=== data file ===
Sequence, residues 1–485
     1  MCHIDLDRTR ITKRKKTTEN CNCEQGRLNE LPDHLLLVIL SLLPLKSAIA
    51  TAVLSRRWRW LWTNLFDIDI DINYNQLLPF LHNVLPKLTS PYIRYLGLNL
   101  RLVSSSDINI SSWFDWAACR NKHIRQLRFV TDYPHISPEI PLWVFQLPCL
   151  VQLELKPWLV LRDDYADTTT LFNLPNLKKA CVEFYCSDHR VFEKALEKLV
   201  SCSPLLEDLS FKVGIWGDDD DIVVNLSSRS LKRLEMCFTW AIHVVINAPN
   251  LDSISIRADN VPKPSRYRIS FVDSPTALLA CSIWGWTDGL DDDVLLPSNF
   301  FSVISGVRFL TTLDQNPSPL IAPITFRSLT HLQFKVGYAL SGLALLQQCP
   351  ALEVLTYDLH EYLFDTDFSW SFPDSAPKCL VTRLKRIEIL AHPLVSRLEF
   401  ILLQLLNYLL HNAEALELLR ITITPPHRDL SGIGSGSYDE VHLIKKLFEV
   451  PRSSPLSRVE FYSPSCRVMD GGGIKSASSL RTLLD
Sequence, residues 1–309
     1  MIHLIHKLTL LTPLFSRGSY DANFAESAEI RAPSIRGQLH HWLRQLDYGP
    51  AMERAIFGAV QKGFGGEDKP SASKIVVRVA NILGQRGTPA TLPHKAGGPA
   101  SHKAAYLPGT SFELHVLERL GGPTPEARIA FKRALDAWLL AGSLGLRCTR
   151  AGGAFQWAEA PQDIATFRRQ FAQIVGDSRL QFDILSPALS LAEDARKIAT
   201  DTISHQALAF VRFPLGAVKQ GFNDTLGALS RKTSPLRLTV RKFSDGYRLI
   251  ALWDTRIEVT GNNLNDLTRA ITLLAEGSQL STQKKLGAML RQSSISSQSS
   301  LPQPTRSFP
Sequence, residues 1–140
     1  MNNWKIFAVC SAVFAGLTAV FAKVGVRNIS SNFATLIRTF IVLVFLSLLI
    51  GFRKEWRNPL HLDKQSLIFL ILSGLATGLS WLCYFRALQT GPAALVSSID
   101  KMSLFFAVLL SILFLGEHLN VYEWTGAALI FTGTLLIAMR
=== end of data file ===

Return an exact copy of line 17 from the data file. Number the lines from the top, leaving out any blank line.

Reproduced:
   201  DTISHQALAF VRFPLGAVKQ GFNDTLGALS RKTSPLRLTV RKFSDGYRLI